Now things seemed clear. Light is an electromagnetic wave and we have an extraordinary mathematical description of it. I will not go into other details, I will skip less significant milestones for our history. Towards the end of the 19th century, the results obtained in all fields of physics were truly astonishing. It seemed that in terms of fundamental concepts, physics was a (almost) completed science. There were only a few issues that needed to be clarified.

One of them was related to the light ether, the elastic medium through which light was supposed to propagate. A crucial experiment, carried out by Michelson and Morley in 1881, which tried to determine the relative speed of the Earth relative to this “luminous ether”, failed to bring the expected confirmation. Although it was repeated in 1887, with more precise instruments, the experiment continued to give negative results. This unexpected result paved the way for the theory of relativity. But that’s another story.

More important for our history is the second problem, which related to the radiation spectrum of the black body. It was a serious problem, which could not be solved by applying the classical principles of physics.

First, let’s see what a black body is. Physicists operate with this concept, which is an ideal object that fully absorbs incident electromagnetic radiation, regardless of wavelength. The black body emits electromagnetic radiation with a spectral distribution that only depends on its temperature.

In nature there is no such ideal object, but one can be constructed that approximates very well the behavior of the black body. Imagine a cavity that only has a small hole through which electromagnetic radiation can escape from inside it. When its interior is in thermal equilibrium, electromagnetic radiation is emitted through the hole I mentioned earlier, which approximates very well those emitted by an ideal black body.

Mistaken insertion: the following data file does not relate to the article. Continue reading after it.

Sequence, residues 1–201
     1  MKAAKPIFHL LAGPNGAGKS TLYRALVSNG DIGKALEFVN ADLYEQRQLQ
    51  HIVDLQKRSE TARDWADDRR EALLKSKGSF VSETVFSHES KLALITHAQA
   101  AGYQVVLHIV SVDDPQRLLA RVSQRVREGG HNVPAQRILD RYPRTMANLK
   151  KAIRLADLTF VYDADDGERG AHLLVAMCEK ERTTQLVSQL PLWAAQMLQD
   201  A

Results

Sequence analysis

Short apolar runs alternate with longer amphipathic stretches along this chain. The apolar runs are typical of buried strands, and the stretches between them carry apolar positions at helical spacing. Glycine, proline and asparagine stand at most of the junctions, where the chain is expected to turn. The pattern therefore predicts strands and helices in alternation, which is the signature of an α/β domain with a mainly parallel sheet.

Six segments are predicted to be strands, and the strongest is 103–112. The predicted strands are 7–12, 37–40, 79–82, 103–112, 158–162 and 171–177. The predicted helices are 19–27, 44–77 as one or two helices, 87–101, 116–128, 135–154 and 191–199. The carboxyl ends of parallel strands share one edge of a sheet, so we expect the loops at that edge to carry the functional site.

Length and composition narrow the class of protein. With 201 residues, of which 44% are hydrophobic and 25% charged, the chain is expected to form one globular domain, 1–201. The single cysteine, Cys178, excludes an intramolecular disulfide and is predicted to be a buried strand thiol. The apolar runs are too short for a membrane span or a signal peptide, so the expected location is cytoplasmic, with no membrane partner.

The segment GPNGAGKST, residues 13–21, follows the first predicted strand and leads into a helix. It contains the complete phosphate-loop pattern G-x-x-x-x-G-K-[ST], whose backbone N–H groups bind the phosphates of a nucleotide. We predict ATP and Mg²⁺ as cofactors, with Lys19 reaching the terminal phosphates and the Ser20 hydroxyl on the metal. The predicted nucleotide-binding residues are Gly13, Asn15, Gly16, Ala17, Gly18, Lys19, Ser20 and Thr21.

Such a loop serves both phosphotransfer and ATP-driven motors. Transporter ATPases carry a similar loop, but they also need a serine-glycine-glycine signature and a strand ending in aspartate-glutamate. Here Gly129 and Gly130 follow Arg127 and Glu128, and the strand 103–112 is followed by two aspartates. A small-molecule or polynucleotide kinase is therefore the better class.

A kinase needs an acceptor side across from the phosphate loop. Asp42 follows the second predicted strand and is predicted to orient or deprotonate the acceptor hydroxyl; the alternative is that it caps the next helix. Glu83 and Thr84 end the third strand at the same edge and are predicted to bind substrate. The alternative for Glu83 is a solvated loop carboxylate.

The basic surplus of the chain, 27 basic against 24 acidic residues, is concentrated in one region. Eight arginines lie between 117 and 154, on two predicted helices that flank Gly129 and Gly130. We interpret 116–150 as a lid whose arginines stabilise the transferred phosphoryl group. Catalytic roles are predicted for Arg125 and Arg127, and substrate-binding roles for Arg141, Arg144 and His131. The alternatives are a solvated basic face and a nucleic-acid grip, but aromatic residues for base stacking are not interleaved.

The spectral distribution of these electromagnetic radiations emitted through the orifice of our cavity does not depend on the shape of the cavity or the reflection coefficient of its walls, but only on the temperature inside it, when the thermal equilibrium has been established.

The black body posed serious problems for physicists because there was no rigorous mathematical representation of the spectral distribution of the radiation emitted by it. Around 1890, the German physicist Wilhelm Wien obtained a mathematical relation, which will be called the Wien law, to describe the behavior of the black body, but it had two major shortcomings.

First, Wien’s law did not have a solid theoretical foundation, but rather an empirical relationship, obtained on the basis of measurements. The second problem was even more serious. Wien’s formula provided correct results for the high frequencies of the electromagnetic spectrum and deviated greatly from experimental data in the low frequency area.

In 1900, Lord Raylegh, starting from theoretical considerations related to the classical mechanics of the time, elaborated a mathematical relation for the spectral distribution of the electromagnetic radiation emitted by the black body, depending on the temperature. Five years later, Sir James Jeans makes a correction to this relationship, which will be called the Raylegh-Jeans law.

All was good, the mathematical relationship had been rigorously deduced theoretically, and things might have seemed very clear. But… although it gave correct results for the high frequency area, it moved exponentially away from the measurements, as the frequencies of the electromagnetic waves decreased.

Please note: Raylegh-Jeans law brilliantly applied the principles of classical mechanics. The fact that it could not explain the spectral distribution of black body radiation for all wavelengths was a very serious problem. Something had to be changed somewhere. The change was made almost against his will by Max Plank. And that change led to the birth of quantum mechanics. But I’ll tell you about that in the next episode.